Where have Libya's children gone? Long time missing"
The quality of life continues to cascade in certain areas of Western Libya while public anxiety noticeably rises over missing Libyan children as the first week of an unusually stressful Ramadan passes.
The shortage of gasoline has become acute and despite government efforts to curtail price gauging, one taxi driver told this observer yesterday that while the usual price of "benzene' was five liters (one gallon) for $.40 (forty US cents) he is now having to pay as much as " 4 dinars for one liter of petrol!" That is roughly the equivalent of 13 US dollars for a gallon of gasoline, a huge price surge in a country long accustomed to cheap, heavily subsidized fuel. "Informal economy" (black market) fuel arrives in car trunks from the Tunisian border and its increasingly common to see fellows with a make shift funnel trying to get more benzene into their vehicle tanks than they splash and spill on neighborhood streets.
Tripoli residents trying to fuel a car on 8/5/11 with black market benzene--often spilling a fair bit in the process. Photo: flamb
Walking around the "medina" off Omar Muktar Street near my hotel yesterday afternoon, the angst over deteriorating conditions is apparent. Shops, like homes, are now subject to rolling blackouts and quickly become hot and stuffy, discouraging would be customers from entering. Some food stores have to discard milk and other perishable items given the up to 11 hour power cuts that send temperatures above 110F. One gentleman on Rashid Street in downtown Tripoli said his family had not had power for five days and the pump that supplies water to his apartment building stopped working so they lack two essential utilities.
NATO's arguable act of piracy earlier this week in commandeering the fuel tanker ship Cartagena off the coast of Malta that was bringing gasoline to Tripoli and sending it instead to Rebel militia based close to Benghazi is yet again explained from NATO HQ as necessary for "protecting the civilian population of Libya."
According to Libya's Deputy Foreign Minister Khaled Kaim, "The age of piracy is coming back to the Mediterranean because of NATO."
Some frustrated shop keepers just shutter their shops and seek relief at the beach or take a nap waiting for sundown and their Ramadan Iftar (feast) to begin. But lack of electricity even affects its preparation. (ed. note: 15 minutes ago NATO reportedly bombed the public beach near my hotel as three other bombs landed nearby--targets unknown)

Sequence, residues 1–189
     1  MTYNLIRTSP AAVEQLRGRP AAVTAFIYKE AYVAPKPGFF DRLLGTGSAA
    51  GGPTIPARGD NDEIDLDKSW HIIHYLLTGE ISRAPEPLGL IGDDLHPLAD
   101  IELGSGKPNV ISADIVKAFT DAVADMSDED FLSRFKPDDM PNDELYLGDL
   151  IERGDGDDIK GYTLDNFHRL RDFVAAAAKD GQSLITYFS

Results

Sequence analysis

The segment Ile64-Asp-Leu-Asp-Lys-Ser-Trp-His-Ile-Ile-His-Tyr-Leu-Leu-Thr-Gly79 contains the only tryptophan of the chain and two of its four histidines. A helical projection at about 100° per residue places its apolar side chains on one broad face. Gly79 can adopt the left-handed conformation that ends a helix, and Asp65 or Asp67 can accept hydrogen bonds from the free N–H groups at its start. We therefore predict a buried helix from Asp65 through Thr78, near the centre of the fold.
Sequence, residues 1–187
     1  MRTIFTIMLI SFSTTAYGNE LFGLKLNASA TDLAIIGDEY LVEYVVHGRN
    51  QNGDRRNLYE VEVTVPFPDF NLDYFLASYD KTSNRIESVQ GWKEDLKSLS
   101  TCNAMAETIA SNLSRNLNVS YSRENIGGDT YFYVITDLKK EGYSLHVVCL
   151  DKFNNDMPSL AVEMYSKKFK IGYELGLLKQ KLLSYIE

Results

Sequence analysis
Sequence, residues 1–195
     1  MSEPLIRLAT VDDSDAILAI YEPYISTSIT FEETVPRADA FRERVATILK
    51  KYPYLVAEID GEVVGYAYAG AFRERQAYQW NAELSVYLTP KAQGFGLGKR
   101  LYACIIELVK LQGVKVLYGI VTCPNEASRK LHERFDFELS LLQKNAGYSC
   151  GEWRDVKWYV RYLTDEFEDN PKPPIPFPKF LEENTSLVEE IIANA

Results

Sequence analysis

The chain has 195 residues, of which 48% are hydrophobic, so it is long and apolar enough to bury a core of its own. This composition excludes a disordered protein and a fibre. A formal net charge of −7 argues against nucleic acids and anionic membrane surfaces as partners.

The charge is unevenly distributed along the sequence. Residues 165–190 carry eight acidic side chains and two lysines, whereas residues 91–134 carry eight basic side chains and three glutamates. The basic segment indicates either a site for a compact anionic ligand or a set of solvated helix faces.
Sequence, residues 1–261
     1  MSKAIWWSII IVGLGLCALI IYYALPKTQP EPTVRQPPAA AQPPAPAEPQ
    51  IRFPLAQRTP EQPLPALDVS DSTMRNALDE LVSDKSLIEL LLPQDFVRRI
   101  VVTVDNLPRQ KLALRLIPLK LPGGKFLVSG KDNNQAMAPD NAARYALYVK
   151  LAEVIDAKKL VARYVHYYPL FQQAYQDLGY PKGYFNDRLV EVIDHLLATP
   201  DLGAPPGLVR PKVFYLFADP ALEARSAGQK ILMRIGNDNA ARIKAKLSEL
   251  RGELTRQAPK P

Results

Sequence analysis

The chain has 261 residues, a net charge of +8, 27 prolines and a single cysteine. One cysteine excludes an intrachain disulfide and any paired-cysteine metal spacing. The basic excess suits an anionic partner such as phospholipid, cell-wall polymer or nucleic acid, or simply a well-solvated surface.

Every time a bomb blast is heard, a chorus of passersby and kids invariably point toward the bomb site and watch the rising white or black smoke (the color depending on the type of bomb or missile) and some shout, "F--- NATO! F---Obama!" Etc.
If a foreigner is confronted by angry citizens who may blame Americans for NATO's bombing, a sure fire way to quickly reduce crowd tension is for the foreigner to make the peace sign and make a fist with his other hand and chant a few times: "Allah! Mohammad! Muammar! Libye! Abass!" (God!, Mohammad!, Qadaffi!, Libya!, that's all we need!") The locals appreciate the sentiment and pre-teens often join the popular chant and dance.
As of the morning of 8/7/11 NATO statistics show that since 3/31/11, NATO forces have launched 18,270 sorties, mainly against Western Libya, including 6,932 bomb/missile strike sorties. Last night (8/6/11) there were 115 sorties including 45 bombings of which 12 were in central Tripoli starting a 10 p.m.
To their great credit, some Congressional staffers on the US Senate Armed Services Committee who liaise with the Pentagon, have acted on constituent complaints and have criticized NATO's incomplete description of its bombing of Libyan civilians.
For example earlier this week NATO reported its bombing of the village on Zlitan, about 160 miles east of Tripoli in the Western Mountains as follows: "In the vicinity of Zlitan:1 Ammunition Storage Facility, 1 Military Facility, 2 Multiple Rocket Launchers."